Otterbein Launches New Master's Degrees
Otterbein scored this fall with programs and enrollment growth of 20 new students thanks to two new master’s degrees. Otterbein now offers a Master of Science in Allied Health and a Master of Arts in Educational Mathematics. Both degrees were approved last spring by the Ohio Board of Regents and the Higher Learning Commission.
The Allied Health Master’s degree offers three tracks – Health and Wellness, Post Professional Athletic Training, and Athletic Health Care Administration. The program was designed to meet an increasing need in health care. It is one of Otterbein’s expanding number of programs with a pathway from the associate degree to the bachelor’s degree to the master’s degree.
“This degree helps develop leaders and managers in the growing health care industry,” said Joan Rocks, program director. “We were pleased to welcome our 12 new students.
“The program is flexible in many ways,” she continued. “Students can begin any term, can meet multiple credentialing bodies’ continuing education requirements, and it is designed to welcome students from multiple and diverse backgrounds (including both health and non-health related fields).”
Some of the new students are graduate assistants and part of the coaching staff at Otterbein. Others are Otterbein graduates like Brianna Burke.
Burke, Otterbein (‘12) stayed on campus because “I have loved Otterbein ever since I enrolled here and to me, there was no question of anywhere else I would want to go to obtain my Master's degree. I know I will get the knowledge and skills that will enable me to receive any job in the science field I apply for, because of my degrees from Otterbein.”
She continued, “This degree with help me obtain my Health Fitness Specialist Certification, where I will administer care to patients with chronic diseases, and I will obtain more experience so one day I may become an Exercise Physiologist!”
Meeting math teachers’ desires to increase their understanding and improve their teaching is a main goal of the new Masters of Arts in Educational Mathematics.
“Otterbein has created a unique program that truly attends to the needs of math teachers, providing the types of opportunities endorsed by leaders in the field of education, “said Jeffrey Smith, associate professor of mathematics who designed the program.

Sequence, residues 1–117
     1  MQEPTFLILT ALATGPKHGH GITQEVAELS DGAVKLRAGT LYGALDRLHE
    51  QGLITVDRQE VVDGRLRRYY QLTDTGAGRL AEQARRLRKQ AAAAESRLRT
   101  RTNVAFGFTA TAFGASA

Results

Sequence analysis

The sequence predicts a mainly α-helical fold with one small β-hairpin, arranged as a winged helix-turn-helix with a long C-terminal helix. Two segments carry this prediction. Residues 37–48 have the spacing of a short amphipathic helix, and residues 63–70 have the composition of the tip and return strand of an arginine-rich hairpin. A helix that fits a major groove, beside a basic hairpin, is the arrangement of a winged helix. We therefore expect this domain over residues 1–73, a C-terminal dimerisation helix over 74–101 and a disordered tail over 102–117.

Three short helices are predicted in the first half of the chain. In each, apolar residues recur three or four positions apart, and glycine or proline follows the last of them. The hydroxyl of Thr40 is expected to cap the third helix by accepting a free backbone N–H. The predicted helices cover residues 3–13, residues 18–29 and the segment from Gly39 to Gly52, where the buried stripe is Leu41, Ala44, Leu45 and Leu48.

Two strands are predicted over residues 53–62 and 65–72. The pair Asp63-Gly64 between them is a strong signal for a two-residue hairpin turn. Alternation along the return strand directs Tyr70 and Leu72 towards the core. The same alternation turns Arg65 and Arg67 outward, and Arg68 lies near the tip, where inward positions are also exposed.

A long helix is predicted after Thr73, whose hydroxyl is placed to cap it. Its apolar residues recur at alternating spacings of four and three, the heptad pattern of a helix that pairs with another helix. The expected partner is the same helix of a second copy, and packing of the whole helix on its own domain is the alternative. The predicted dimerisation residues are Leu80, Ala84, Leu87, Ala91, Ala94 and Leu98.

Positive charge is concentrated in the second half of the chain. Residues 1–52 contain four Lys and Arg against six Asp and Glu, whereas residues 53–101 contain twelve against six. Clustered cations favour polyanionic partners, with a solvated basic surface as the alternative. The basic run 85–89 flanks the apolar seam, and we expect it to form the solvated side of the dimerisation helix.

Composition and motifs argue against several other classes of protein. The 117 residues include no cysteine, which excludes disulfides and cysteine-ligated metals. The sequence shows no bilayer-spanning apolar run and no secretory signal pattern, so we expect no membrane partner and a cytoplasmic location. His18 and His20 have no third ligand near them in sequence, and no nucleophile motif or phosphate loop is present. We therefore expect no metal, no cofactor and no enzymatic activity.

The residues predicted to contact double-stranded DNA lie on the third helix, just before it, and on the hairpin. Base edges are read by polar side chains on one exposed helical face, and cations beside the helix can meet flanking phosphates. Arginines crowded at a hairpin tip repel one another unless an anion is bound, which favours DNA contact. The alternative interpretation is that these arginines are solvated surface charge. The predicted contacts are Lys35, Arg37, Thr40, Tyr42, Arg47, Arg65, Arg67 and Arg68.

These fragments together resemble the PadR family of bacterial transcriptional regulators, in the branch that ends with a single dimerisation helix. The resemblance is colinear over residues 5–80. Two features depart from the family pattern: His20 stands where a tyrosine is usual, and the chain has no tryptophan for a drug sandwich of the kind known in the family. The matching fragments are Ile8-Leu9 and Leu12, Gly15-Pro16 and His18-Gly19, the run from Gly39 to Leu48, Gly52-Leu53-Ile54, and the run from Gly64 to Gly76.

“Recognizing that pedagogical content knowledge is at the forefront of professional development, courses provide practical, hands-on information and experiences that can be used in the mathematics classroom. A degree in the content area helps teachers to create a connected, comprehensive, and detailed view of mathematics, enabling them to make instructional decisions based - not simply on good practice - but according to fundamental principles that guide all of mathematics,” he added.
MAEM students are usually either high school or community college teachers – – who want more applied knowledge in math. Among the courses are those in probability and statistics, number theory, advanced calculus and advanced geometry, and game theory.
Like Burke, Cameron Kishel (‘98), wanted to return to his alma matter. As a faculty member at Columbus State Community College, he sought a program to help him meet the Ohio Board of Regent’s requirement that community college faculty hold a master’s degree or higher in the discipline in which they teach. Otterbein’s Educational Mathematics program is the only program in the state that meets this need. The program fit Kishel’s scheduling needs, and he finds it challenging, yet doable. “I am surprised how quickly some of the math content I have not seen in nearly a decade is coming back to me,” said Kishel.
He is inspired by his professor, Dr. Zengxiang Tong. “He is encouraging, fair, and has a way of setting high expectations that I want to work hard and meet.”